Edward Jenner (17 May 1749 – 26 January 1823) was an English physician and scientist, known for inventing the smallpox vaccine.[1]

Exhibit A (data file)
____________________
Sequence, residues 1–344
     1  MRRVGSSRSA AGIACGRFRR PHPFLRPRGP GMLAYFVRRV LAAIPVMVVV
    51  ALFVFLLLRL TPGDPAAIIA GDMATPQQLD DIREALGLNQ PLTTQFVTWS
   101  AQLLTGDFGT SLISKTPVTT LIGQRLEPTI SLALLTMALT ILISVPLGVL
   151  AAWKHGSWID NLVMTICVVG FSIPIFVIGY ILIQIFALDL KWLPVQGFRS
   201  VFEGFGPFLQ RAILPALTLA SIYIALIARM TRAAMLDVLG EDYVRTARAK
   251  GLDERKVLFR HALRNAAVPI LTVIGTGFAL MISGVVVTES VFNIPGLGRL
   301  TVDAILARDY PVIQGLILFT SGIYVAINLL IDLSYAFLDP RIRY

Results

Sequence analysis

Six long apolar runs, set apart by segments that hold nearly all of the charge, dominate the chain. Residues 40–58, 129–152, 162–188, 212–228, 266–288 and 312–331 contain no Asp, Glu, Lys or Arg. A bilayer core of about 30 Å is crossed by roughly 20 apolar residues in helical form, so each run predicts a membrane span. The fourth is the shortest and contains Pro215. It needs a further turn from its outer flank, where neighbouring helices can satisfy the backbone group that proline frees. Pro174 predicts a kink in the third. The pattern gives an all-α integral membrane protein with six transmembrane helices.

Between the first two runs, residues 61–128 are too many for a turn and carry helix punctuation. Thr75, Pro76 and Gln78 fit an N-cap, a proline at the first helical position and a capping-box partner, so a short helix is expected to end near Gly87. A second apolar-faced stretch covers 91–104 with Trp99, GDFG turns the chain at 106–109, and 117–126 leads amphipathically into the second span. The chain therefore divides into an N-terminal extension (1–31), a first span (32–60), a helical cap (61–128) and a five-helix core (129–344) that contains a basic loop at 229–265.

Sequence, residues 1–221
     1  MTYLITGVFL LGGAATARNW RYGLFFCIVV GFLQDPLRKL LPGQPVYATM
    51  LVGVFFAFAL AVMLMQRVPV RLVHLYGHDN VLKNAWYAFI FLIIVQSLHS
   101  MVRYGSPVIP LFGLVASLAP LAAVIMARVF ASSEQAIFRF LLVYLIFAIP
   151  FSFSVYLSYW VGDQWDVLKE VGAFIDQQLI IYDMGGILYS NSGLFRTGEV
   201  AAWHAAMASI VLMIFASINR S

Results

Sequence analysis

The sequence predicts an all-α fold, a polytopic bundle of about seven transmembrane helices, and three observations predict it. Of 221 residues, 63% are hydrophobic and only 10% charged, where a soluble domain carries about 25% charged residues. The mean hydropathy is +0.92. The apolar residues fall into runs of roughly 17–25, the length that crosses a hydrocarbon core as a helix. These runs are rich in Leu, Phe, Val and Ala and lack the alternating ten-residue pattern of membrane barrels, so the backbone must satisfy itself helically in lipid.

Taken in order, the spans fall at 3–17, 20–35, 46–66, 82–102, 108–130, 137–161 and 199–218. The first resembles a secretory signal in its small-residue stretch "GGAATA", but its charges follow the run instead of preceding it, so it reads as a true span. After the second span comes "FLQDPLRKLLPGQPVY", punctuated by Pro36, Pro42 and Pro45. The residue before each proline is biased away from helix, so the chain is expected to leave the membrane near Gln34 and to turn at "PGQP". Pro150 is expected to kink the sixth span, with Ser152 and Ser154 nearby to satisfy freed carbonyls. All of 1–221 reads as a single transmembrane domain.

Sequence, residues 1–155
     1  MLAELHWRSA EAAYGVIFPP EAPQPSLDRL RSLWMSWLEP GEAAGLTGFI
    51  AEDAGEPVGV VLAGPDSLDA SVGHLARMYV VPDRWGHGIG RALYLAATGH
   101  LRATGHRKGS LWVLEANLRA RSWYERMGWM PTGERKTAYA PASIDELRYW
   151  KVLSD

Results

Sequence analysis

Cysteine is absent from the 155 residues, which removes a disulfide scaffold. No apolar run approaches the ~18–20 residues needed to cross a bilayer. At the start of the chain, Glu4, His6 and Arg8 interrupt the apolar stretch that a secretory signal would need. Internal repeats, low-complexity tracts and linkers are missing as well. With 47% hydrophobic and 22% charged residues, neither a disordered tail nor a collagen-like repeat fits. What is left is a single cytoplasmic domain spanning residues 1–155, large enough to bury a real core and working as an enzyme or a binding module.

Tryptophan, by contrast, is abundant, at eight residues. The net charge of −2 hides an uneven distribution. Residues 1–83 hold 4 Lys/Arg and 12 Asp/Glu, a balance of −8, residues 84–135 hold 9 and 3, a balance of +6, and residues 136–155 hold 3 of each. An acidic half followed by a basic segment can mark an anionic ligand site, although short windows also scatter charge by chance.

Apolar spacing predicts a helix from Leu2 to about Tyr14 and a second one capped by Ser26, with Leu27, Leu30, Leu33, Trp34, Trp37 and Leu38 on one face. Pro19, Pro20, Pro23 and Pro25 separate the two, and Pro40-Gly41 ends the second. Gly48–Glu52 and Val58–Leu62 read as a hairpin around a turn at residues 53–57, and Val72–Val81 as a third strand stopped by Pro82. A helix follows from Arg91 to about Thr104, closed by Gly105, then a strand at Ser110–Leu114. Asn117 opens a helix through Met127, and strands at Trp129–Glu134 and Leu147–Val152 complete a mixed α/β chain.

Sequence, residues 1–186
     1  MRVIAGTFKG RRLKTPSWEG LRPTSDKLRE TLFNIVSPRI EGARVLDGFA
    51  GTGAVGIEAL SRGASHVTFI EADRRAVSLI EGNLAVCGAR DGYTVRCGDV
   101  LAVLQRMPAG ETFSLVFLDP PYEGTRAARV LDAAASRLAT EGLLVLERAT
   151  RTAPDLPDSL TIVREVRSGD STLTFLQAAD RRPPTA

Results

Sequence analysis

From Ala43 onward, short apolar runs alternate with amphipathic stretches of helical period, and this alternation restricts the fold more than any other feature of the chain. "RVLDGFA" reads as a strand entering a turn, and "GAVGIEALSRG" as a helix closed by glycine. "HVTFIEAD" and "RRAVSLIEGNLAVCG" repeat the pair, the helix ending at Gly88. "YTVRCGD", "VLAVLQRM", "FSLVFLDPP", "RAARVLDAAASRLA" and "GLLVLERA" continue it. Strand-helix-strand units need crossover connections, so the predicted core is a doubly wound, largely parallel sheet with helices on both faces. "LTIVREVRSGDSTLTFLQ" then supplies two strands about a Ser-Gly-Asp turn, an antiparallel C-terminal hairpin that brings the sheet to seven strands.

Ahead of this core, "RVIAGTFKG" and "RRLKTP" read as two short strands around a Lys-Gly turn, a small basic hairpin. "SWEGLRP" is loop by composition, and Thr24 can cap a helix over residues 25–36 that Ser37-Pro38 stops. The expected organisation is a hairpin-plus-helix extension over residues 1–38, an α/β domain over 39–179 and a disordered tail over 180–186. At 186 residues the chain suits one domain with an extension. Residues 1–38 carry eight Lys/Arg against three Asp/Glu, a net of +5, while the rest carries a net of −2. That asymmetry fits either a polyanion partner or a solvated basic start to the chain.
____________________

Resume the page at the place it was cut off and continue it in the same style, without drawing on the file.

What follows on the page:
By the 18th century, smallpox inoculations were still dangerous and of limited efficiency. Jenner hypothesized that infection with cowpox, a disease non-lethal to humans, granted immunity to smallpox. His theory was confirmed when in 1796, he experimented by infecting a young boy with cowpox and then smallpox. Despite the success of his test, with no undue harm inflicted on the boy, the medical establishment disapproved of his method as he had risked the life of the boy without his consent. Thus, cowpox-based vaccination only saw widespread use sometime after 1800.[1]